the classification of the sciences in the Discours prélim-
inaire de l'Encyclopédie.
However, in the seventeenth
century Francis Bacon, for the specific purpose of
giving unity to the sciences, took over the Aristotelian
notion of first philosophy, and adapted it to his own
thoroughgoing philosophical materialism, substituting
nature for being. For Bacon first philosophy is a uni-
versal science, “the mother of the rest,” and prior to
all divisions by subject matter (De augmentis scien-
Book III, Ch. I, Works, VIII, 471). It has two
parts. First, it is a repository of all axioms not peculiar
to any of the particular sciences. Unlike the axioms
of Aristotle's first philosophy, however, they are not
common to all the sciences, but are such as are shared
by two or more. Moreover, where for Aristotle it is
impossible in demonstration to pass from one genus
to another, the principle function of the axioms for
Bacon is precisely that of making these transitions
possible, “in order that solution of continuity in sci-
ences may always be avoided. For the contrary thereof
has made particular sciences to become barren,
shallow, and erroneous” (ibid., Book IV, Ch. I, Works,
IX, 14). Secondly, first philosophy is a doctrine of
transcendentals (Being, One, etc.), but again with im
portant modifications of tradition. Where for the scho-
lastics being was the first of the transcendentals, and
the others were coextensive or convertible with it,
either singly, as in the case of unity, truth and goodness,
or in disjunction as in the case of substance-accident,
necessary-contingent, actual-potential, etc., Bacon
presents a list only of disjunctive transcendentals and
assigns being to membership in one of the disjunctive
pairs—“Much, Little; Like, Unlike; Possible, Impossi-
ble; likewise Being and Not Being, and the like” (ibid.,
Book III, Ch. I, Works, VIII, 473). He does not appear
to regard these pairs of disjunctives as coextensive with
anything. What he considers important, however, is
that first philosophy be concerned with “the operation
of these Common Adjuncts” insofar as “they have
efficacy in nature,” and without regard to divisions of
the sciences.

Plato's notion that there is a single science which
gives certainty to the principles of the other sciences
emerges again in the seventeenth and eighteenth
centuries, most notably with Descartes, Leibniz, Hume,
and Kant. Descartes' metaphysics gives certainty to the
other sciences in two ways; one, by the removal of
the hyperbolical doubt to which even mathematics is
subject—the atheist mathematician cannot know that
his science is true—and the other by showing that the
Cartesian physics is not merely a new hypothesis but
is true, and that the physics of Aristotle is false. Prior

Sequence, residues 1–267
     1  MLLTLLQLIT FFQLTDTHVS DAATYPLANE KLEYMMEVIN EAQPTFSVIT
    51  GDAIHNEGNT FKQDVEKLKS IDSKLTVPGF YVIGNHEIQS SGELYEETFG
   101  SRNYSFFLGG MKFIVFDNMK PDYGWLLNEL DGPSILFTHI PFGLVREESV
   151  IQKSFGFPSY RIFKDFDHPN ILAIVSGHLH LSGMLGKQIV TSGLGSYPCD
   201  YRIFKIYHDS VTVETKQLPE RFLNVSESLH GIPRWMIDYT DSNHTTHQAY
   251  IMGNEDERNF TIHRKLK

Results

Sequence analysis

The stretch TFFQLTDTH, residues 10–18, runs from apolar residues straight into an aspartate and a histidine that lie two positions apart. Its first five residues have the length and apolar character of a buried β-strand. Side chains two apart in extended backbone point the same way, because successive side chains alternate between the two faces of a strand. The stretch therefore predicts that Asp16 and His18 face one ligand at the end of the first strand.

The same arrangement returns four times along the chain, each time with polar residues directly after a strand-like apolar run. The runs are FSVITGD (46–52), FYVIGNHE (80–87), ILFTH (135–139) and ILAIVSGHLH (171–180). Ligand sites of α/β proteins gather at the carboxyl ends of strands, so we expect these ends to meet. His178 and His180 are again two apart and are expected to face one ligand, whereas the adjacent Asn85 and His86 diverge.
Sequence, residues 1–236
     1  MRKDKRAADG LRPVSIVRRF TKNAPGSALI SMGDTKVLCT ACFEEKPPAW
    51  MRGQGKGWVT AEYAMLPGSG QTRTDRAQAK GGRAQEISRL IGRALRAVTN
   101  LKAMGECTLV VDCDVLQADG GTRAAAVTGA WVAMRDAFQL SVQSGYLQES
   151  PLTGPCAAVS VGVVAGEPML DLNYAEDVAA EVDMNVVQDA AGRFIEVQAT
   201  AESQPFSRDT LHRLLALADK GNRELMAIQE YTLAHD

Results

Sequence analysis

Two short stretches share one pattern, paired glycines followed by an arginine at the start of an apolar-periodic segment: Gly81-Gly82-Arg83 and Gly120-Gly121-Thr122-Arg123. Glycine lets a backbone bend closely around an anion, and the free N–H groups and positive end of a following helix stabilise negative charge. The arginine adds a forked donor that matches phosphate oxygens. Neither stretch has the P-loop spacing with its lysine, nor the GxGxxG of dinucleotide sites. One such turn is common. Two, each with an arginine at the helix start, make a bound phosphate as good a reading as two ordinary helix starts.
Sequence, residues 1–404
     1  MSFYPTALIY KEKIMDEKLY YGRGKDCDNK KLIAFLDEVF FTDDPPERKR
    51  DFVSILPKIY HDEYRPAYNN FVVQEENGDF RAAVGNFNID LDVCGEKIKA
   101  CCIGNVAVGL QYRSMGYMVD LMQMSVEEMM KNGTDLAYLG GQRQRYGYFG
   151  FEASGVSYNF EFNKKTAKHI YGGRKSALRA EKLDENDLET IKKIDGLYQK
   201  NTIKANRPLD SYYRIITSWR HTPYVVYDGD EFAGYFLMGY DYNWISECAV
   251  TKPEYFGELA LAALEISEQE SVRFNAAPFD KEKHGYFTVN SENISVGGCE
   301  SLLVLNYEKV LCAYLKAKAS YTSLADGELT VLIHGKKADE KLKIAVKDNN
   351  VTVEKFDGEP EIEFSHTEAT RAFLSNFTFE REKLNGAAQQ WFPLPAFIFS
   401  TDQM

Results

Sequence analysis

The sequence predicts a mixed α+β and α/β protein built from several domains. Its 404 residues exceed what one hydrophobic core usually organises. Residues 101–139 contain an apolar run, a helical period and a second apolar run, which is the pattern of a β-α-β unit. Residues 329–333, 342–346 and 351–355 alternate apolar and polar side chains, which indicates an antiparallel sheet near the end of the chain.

to producing his Principles of Philosophy Descartes
presented all his treatises in the physical sciences as
resting on hypothetical principles, which, though
confirmable by experience, he considered himself able
to deduce from the primary truths of his metaphysics
(Discourse on Method, Part VI). Later he was to claim
for his Meditations that they “contain the entire foun-
dations of my physics” or “contain all its principles”
(Oeuvres, III, 297f., 233). It is more specifically Medi-
tation V,
determining the essence of material things
to be extension, and Meditation VI, establishing the
real distinction between the mind and the body, which
banish substantial forms from nature and demonstrate
that all physical phenomena, including living phenom-
ena, whether plant, animal, or human, are governed
by purely mechanical principles. These principles are
extended even to the scientific treatment of the pas-
sions: “my aim has been to explain the passions...
only as a physicist” (ibid., XI, 326). Thus Descartes
aptly compared philosophy as a whole to “a tree,
whose roots are metaphysics, whose trunk is physics,
and whose branches, which issue from this trunk, are
all the other sciences,” in particular, medicine, me-
chanics, and morals (Principia philosophiae, Preface).

Leibniz attributes a similar role to metaphysics in
relation to the natural sciences, but for different rea-


sons. Because physical nature is the phenomenal
expression to a perceiver of immaterial or metaphysical
substances, the principles governing phenomena are
ultimately grounded in metaphysical principles. “We
acknowledge that all phenomena are indeed to be
explained by mechanical efficient causes but that these
mechanical laws are themselves to be derived in gen-
eral from higher reasons and that we thus use a higher
efficient cause only to establish the general and remote
principles” (Specimen Dynamicum, Loemker, p. 722).